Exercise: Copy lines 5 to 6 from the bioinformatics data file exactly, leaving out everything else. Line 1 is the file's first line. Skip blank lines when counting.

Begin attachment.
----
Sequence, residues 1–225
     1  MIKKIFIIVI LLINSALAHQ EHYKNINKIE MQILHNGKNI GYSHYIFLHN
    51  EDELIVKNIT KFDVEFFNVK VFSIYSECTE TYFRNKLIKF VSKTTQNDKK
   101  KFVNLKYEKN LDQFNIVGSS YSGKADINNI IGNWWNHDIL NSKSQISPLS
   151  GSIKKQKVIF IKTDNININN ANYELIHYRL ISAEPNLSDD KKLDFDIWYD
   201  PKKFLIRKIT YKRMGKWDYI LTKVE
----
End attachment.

   151  GSIKKQKVIF IKTDNININN ANYELIHYRL ISAEPNLSDD KKLDFDIWYD
   201  PKKFLIRKIT YKRMGKWDYI LTKVE